A listen to the first side of Rickie Lee Jones’ The Magazine delivered easy, laid-back listening fit for a lazy Sunday afternoon. Although this easygoing pace suggested some occasional want of transient speed and slam (this is a hard-hitting album), almost all instruments sounded sweet and natural, from pretty piano and strings, to delicate triangle tings that made me sit up and take notice. And Rickie indeed sounded like Rickie.

Next I put on Leonard Cohen’s latest release, Popular Songs. The opening track “Slow” had an appropriately languid feel overall, but delivered decent bass and kick-drum separation with good soundstage depth. Violin was sweet and mellow. The Hammond B3 seemed slightly recessed compared to what I’ve heard on some reference systems. Vocals presentation was forward and powerful, but there was just a slight dulling of the sensual voices of the backup singers, which tended to sound more lilting and a touch more present on reference systems (and indeed in person, as I had the pleasure of seeing Lennie and the band on his most recent tour—much to the chagrin of JV, who’s never heard his idol live.) Yet Cohen’s gravelly voice still drew me in, and the easygoing and generally natural midrange kept me listening. It’s worth mentioning that many of these qualities—midrange focus and timbral naturalness, albeit with a somewhat narrower soundstage—tend to be characteristically associated with many moving-magnet cartridges.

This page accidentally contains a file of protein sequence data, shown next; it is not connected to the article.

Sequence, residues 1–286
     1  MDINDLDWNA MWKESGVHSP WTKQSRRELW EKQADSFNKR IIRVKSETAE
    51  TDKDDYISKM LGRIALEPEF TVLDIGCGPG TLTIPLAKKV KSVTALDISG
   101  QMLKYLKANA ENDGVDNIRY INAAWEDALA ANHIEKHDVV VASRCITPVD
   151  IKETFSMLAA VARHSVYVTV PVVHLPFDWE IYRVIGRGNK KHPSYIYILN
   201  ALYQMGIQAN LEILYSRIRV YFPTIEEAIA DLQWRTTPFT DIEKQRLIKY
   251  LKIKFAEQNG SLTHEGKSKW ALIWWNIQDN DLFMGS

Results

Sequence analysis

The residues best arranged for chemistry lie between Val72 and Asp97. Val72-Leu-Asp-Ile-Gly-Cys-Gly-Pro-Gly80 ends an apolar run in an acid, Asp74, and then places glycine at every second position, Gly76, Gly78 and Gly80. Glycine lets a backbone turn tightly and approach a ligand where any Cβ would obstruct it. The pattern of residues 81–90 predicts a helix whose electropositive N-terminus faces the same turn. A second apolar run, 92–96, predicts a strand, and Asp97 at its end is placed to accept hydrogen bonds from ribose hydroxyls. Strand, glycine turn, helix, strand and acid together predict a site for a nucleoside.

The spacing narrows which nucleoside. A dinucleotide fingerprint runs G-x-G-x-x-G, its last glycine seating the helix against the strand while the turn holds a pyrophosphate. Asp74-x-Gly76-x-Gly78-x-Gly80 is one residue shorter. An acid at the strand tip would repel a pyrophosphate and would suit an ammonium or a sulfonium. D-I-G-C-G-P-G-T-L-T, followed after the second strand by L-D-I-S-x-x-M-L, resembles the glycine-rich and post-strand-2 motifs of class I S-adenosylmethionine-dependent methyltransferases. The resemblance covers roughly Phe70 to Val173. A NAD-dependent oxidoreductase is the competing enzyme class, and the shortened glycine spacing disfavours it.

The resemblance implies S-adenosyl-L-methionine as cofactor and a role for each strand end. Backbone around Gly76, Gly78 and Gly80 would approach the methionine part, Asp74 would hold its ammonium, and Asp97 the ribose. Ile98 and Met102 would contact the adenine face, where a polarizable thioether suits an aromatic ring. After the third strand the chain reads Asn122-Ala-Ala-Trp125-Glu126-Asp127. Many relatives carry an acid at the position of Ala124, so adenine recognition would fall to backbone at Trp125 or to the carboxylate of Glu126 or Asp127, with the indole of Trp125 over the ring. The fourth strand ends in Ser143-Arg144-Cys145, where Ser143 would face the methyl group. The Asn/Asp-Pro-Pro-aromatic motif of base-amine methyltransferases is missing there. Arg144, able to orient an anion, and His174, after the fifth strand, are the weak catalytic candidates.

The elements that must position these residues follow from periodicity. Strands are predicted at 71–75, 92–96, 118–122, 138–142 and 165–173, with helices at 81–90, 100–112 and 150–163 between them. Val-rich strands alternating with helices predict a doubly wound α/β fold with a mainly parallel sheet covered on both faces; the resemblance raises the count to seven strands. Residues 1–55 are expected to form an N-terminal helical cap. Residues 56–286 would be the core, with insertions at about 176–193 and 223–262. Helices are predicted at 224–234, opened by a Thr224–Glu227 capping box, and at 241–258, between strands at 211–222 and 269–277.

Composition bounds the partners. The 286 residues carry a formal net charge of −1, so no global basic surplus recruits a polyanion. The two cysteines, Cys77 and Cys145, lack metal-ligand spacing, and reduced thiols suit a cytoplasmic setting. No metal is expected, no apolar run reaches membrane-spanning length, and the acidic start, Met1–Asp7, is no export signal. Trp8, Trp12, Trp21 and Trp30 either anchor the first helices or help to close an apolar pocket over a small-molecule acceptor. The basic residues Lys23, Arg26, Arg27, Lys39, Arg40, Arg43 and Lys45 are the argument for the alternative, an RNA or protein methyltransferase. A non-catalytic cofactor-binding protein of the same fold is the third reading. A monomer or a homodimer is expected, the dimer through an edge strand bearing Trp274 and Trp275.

Next, I gave the HiFiMan HE400S planar headphones a try—and this experience stole the show, particularly with vinyl! The David Byrne/Brian Eno left-of-center, experimental 1980 collaboration My Life in the Bush of Ghosts (remastered version from Nonesuch), chock-full of driving polyrhythms and layers of quirky (and early) sampling, became a thrillingly surreal experience. I was struck by the degree of detail and image specificity of instruments, samples, and effects, which came to my ears seemingly from all corners of the room (or the recording space). So much was happening, and with so much energy, I almost literally didn’t know where to turn. Every instrument seemed to hold its own place in space. The chugging guitars took on an urgency that surprised me; funky wah-wah effects were at once heavy yet quick-footed, with throwaway twangs that rang out in long, satisfying decays. “Help Me Somebody” displayed impressive speed, punch, and snap—a sort of counterpoint to Sprout’s generally more easygoing demeanor with tougher-to-drive loudspeakers.